Forest Park rolls to 20-12 win, hurts Dunbar's playoff chances

With its spot just beyond the state Class 2A football playoff picture, Dunbar knew that it could control its destiny if it won the remaining games on its schedule.

It didn't matter yesterday against Forest Park.


The Foresters, who gave No. 1 City its closest game of the season before losing, 16-15, got a couple of breaks and a dominating performance from their defensive line to upset the host and No. 11 Poets, 20-12, in a Baltimore City 2A League game.

The Poets (5-2, 1-1), who have 7.20 points playing in Region East, were trailing Chesapeake-BC (7.55) for the fourth and final playoff spot. The four regional champions and the next four teams with the best averages qualify.


Dunbar still has a shot at a spot but will have to win all its remaining games and get help from other teams.

There probably won't be a state playoff berth for Forest Park (4-3, 2-0), whose other losses were to No. 3 Gilman (21-0) and last season's Class 1A runner-up, Cambridge-South Dorchester (12-0), but the victory was worth the championship of the three-team 2A league.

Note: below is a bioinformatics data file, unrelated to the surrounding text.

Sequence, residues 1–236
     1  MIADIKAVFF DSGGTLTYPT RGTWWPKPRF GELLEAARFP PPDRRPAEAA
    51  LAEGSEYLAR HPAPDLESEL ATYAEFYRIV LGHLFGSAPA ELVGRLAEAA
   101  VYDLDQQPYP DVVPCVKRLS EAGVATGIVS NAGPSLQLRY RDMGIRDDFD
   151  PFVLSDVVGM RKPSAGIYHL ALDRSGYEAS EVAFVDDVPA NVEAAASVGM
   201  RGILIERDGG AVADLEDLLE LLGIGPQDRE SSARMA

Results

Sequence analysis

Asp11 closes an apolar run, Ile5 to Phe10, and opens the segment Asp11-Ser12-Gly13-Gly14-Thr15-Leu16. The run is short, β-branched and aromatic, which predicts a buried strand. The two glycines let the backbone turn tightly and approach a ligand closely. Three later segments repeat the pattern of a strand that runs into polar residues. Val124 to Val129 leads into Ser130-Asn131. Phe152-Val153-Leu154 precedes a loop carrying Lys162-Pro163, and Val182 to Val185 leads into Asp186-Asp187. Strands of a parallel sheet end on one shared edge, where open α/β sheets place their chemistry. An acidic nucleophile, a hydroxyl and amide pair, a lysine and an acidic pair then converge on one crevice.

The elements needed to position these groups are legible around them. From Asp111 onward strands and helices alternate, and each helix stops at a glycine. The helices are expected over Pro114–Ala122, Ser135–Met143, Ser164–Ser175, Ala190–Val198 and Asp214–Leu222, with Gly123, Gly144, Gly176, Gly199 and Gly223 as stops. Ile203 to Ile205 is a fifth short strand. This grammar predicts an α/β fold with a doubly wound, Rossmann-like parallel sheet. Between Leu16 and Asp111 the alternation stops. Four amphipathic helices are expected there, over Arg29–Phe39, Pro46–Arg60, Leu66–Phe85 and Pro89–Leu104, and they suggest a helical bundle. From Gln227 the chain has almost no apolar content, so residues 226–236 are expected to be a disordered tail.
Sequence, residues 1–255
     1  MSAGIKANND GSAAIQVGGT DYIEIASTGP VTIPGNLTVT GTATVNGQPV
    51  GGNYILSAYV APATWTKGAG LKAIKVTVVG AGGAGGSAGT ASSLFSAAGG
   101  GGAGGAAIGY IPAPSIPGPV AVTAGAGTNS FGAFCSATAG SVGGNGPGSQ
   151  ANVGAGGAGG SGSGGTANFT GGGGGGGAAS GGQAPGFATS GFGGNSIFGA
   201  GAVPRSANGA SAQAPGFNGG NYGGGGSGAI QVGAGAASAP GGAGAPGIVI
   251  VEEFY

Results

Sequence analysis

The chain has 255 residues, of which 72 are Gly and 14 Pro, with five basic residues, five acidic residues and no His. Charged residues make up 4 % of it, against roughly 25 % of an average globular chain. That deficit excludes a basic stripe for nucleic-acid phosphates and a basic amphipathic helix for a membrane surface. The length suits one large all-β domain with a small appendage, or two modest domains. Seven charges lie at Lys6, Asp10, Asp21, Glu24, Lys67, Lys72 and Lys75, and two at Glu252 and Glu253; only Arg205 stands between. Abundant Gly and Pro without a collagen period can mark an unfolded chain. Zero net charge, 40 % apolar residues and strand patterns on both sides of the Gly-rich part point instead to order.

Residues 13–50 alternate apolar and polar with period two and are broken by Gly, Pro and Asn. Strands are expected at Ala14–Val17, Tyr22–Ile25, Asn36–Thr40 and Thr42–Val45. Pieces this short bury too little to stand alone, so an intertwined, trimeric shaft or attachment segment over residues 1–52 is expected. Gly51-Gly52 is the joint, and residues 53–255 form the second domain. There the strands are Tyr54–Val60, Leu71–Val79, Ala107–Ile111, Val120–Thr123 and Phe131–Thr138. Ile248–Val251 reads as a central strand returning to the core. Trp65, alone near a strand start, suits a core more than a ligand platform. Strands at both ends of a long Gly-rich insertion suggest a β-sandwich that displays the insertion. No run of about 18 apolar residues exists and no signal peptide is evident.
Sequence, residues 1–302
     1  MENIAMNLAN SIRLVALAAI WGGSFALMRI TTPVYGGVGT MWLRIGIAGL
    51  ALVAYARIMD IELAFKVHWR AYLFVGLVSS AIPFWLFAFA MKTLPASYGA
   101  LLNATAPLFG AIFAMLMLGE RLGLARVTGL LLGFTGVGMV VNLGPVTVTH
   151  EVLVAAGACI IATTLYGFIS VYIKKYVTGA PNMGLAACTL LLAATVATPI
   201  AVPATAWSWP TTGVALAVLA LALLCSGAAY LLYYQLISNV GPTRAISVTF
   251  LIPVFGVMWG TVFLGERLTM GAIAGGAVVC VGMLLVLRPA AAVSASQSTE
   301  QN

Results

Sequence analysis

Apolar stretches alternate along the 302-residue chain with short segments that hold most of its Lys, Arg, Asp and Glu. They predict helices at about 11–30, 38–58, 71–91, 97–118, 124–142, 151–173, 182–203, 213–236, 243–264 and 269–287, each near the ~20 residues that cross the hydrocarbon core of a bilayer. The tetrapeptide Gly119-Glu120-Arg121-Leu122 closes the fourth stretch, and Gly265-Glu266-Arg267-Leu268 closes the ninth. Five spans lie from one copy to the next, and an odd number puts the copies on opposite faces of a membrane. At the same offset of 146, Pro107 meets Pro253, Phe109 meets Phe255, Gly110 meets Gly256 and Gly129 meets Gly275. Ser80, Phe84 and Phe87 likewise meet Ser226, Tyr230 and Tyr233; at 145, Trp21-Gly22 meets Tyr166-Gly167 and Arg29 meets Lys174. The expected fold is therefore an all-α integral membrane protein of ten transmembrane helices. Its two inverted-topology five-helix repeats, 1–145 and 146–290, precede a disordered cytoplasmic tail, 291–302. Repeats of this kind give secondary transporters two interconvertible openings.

"It was a tough game," said senior running back Robert Arthur. "Dunbar got up on us in the beginning, but we are a tough team. We're not going to let nobody beat down on us or lay down for nobody. In the second half, we just came and beat up on them."

Arthur, who rushed for 158 yards on 19 carries, displayed great concentration on a 71-yard touchdown pass from Newman Thompson (five of 12, 108 yards), which was tipped by Poets safety Sean Lipscomb at around the 30-yard line. Arthur grabbed it and ran untouched into the end zone. It was the final play of the third quarter and gave the Foresters their margin of victory.

The Foresters set tone for the second half on the first play. Danaz Williams picked up a fumble by Dunbar quarterback Rodney Elliott, who had been blitzed by Williams and Lionel Yewitt. Williams returned the fumble to the 1. Thompson went up the middle for the touchdown, and Foster's conversion gave Forest Park its first lead at 14-12.

On Dunbar's next possession, it netted minus-1 yard in four plays before punting. In 29 offensive plays in the second half, the Poets were limited to 45 yards and spent the entire half avoiding Forest Park defenders -- who were giving up nearly 40 pounds to Dunbar's offensive front -- in the backfield.

"Forest Park just had a good day today," said Elliott, who completed one of nine passes for 8 yards in the second half. "Their pass rush was pretty good today, and they caught us on our bad side."